The Highs and Lows of Self Esteem

Photo of survey result - How people rated their self esteem on a sale from 1 to 10.

Photo of survey result - How people rated their self esteem on a sale from 1 to 10.

by McKenna Pearcy, Writer

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Self esteem isn’t linear. We all experience highs  and lows. From the genes we’re born with to the lives we live, we’re all faced with this thing we tend to not talk about, called “self esteem”.


According to an anonymous  survey conducted by the Cougar Chronicle on what affects people’s self esteem,  it was found that there are several determining factors that affect the way an individual rates their self esteem. This survey included: whether people have a disability, a physical defect or insecurity with their physical body, a self-assessed problem with their learning, whether they’ve been bullied, their perceived social skills, and the color of their skin.

Results from the survey show that most individuals feel like they have disadvantages that  affect their self esteem.


In total, 67 percent  have some sort of factor that affects their self esteem.  About 70 percent of people have been bullied in the past, and the remaining participants report being currently bullied.  People most commonly rated their social skills between a 3 and a 6. Not surprisingly, 97 percent of participants admit that mean things people say to them hurt their self esteem. 13 percent  of individuals say their skin color affects their self esteem.


When looking at individual percentages most of those who have a lower self esteem are females in their teens, and rate themselves as only a 3 to 5 on their esteem levels. Most males have a higher rating of themselves, up in the 7 to 9 category.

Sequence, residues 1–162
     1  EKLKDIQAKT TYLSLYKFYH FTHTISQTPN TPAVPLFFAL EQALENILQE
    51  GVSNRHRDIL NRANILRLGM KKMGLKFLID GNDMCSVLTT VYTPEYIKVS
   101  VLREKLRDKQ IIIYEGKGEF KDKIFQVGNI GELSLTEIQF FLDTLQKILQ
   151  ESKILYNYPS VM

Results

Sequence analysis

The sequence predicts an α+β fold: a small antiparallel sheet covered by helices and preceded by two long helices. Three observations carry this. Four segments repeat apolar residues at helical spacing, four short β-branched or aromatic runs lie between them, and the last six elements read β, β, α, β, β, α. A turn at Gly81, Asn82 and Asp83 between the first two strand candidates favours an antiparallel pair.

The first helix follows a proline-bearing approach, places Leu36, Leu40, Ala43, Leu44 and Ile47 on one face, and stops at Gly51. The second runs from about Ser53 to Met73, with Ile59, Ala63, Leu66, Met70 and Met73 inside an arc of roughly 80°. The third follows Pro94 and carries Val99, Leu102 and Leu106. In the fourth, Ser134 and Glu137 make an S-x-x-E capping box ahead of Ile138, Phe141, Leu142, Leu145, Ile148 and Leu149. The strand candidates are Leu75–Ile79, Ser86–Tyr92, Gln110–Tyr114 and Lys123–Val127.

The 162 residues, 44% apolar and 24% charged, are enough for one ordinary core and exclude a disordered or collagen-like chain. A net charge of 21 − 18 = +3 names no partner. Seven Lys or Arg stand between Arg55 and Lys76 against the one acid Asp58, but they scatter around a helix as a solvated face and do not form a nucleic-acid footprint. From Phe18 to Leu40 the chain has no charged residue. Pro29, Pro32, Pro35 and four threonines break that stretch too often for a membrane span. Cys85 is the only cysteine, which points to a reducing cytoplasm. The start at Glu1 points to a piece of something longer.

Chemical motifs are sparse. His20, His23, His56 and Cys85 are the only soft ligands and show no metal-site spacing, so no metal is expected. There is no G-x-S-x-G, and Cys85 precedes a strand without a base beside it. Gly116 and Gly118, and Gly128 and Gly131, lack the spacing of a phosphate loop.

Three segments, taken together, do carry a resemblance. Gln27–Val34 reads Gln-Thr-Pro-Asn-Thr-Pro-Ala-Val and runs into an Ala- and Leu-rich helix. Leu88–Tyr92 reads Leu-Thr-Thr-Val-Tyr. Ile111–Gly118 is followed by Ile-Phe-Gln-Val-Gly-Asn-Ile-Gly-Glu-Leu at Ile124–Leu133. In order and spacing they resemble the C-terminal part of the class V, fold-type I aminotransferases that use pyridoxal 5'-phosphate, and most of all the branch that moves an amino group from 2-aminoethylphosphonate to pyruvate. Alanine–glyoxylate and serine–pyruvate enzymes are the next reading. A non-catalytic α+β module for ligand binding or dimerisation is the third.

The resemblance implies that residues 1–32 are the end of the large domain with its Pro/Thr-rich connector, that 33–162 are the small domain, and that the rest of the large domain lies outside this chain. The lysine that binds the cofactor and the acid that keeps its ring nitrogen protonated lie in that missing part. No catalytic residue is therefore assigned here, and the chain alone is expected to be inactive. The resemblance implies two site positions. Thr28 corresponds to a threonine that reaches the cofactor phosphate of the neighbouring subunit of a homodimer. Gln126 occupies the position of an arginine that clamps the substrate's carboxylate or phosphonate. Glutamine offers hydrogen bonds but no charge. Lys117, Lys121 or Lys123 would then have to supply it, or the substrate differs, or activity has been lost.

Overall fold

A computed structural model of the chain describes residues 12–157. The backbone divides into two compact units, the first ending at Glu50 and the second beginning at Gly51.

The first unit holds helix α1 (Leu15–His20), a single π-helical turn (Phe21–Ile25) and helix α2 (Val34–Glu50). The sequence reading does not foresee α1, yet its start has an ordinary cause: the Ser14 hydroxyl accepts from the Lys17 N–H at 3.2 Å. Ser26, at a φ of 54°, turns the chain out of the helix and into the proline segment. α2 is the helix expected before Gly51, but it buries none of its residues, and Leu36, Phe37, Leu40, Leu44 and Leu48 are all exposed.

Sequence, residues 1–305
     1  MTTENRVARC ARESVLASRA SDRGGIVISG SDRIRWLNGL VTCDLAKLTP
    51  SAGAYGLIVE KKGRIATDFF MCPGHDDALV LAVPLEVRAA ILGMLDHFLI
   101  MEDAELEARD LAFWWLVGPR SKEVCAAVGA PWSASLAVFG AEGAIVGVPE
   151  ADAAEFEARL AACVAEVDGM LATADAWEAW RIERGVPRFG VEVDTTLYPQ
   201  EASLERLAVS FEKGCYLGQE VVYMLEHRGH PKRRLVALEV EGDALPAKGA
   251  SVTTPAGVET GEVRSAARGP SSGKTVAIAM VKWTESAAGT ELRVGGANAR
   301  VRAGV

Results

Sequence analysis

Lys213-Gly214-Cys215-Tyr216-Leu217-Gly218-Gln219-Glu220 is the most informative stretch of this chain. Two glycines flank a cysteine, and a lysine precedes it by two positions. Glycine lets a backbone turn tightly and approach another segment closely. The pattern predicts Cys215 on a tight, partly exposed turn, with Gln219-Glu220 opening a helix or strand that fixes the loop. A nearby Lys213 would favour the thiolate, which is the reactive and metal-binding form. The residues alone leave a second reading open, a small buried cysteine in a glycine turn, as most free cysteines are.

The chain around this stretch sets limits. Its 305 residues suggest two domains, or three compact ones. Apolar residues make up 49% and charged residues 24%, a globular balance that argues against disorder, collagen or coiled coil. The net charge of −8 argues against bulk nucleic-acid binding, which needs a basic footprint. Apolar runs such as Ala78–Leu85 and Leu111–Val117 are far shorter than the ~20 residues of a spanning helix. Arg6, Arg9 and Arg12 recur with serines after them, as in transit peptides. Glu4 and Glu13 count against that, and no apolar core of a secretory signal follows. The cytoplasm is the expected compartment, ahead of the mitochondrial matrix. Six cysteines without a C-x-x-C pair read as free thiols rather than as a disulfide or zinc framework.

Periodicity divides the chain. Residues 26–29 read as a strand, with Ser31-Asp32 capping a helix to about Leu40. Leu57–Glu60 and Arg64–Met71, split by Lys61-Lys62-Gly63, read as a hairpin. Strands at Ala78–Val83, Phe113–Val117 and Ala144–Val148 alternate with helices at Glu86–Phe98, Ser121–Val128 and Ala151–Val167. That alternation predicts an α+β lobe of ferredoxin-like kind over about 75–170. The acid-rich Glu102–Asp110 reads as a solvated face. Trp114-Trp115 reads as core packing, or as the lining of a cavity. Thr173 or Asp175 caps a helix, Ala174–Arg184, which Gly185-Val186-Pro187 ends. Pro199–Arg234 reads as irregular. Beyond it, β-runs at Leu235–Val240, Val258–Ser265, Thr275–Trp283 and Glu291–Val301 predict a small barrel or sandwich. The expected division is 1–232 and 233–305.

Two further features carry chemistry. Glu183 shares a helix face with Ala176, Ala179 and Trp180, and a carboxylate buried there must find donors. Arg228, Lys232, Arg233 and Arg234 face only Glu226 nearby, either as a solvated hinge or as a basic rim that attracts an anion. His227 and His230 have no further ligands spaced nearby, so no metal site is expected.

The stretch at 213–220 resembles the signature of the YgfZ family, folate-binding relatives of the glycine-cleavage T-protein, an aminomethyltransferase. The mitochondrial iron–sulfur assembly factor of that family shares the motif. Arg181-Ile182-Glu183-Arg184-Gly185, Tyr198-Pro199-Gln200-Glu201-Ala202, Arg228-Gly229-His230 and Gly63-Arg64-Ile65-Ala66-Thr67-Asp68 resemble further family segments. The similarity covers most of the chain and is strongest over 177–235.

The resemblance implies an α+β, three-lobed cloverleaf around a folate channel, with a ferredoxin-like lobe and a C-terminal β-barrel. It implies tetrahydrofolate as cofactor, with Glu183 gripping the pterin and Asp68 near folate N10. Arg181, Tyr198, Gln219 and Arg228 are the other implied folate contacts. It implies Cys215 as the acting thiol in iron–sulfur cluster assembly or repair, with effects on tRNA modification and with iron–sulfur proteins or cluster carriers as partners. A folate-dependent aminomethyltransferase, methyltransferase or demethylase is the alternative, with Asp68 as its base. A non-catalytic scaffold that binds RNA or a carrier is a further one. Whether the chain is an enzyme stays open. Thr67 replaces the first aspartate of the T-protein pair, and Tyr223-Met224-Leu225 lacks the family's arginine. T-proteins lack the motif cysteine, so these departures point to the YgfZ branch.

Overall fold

The reality is that everything from genes to the environment  affect individuals even if they don’t see it. These statistics need to change. Females shouldn’t feel this way about themselves. There are steps individuals can take to change their self-view.


According to Psychology Today, “When it comes to your self-worth, only one opinion truly matters — your own.” Phycology Today also suggests steps individuals can take to improve self esteem, like avoiding comparing yourself to other people, exercising, forgiving others, and remembering that you are not your circumstances.


Alicia Reardonjunior at Central Kitsap High School,  confirms the damage done by comparing ourselves to other people. She consistently feels worse about herself when she compares her grades to other people’s.


The good news is that self esteem can be improved. Kevin Rethaber, 45 year old man,  says that his self esteem improves when he spends time with friends and family.


Ideas from other survey participants include focusing on positives, learning to be assertive, and  avoiding negative self talk. These are just some of the ways to improve self esteem.


Our self esteem varies throughout our lives.  The good news is that we don’t have to be passive participants. There are things we can do each day to improve our self esteem.

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